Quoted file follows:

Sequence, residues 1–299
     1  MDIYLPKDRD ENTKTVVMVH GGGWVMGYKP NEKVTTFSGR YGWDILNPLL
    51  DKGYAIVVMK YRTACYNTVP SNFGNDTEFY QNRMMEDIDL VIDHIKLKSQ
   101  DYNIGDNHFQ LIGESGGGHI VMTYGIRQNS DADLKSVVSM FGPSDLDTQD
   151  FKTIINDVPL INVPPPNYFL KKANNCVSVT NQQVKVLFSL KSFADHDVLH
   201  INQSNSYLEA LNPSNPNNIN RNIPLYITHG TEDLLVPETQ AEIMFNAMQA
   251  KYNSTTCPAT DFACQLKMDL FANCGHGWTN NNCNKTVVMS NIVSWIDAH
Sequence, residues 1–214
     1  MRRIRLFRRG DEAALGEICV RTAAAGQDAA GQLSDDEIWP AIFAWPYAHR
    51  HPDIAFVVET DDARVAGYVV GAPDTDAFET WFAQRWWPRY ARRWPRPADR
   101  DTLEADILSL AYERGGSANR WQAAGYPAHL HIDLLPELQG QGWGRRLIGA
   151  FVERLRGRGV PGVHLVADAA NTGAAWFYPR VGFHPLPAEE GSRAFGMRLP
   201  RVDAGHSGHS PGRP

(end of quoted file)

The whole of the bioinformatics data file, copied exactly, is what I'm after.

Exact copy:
Sequence, residues 1–299
     1  MDIYLPKDRD ENTKTVVMVH GGGWVMGYKP NEKVTTFSGR YGWDILNPLL
    51  DKGYAIVVMK YRTACYNTVP SNFGNDTEFY QNRMMEDIDL VIDHIKLKSQ
   101  DYNIGDNHFQ LIGESGGGHI VMTYGIRQNS DADLKSVVSM FGPSDLDTQD
   151  FKTIINDVPL INVPPPNYFL KKANNCVSVT NQQVKVLFSL KSFADHDVLH
   201  INQSNSYLEA LNPSNPNNIN RNIPLYITHG TEDLLVPETQ AEIMFNAMQA
   251  KYNSTTCPAT DFACQLKMDL FANCGHGWTN NNCNKTVVMS NIVSWIDAH
Sequence, residues 1–214
     1  MRRIRLFRRG DEAALGEICV RTAAAGQDAA GQLSDDEIWP AIFAWPYAHR
    51  HPDIAFVVET DDARVAGYVV GAPDTDAFET WFAQRWWPRY ARRWPRPADR
   101  DTLEADILSL AYERGGSANR WQAAGYPAHL HIDLLPELQG QGWGRRLIGA
   151  FVERLRGRGV PGVHLVADAA NTGAAWFYPR VGFHPLPAEE GSRAFGMRLP
   201  RVDAGHSGHS PGRP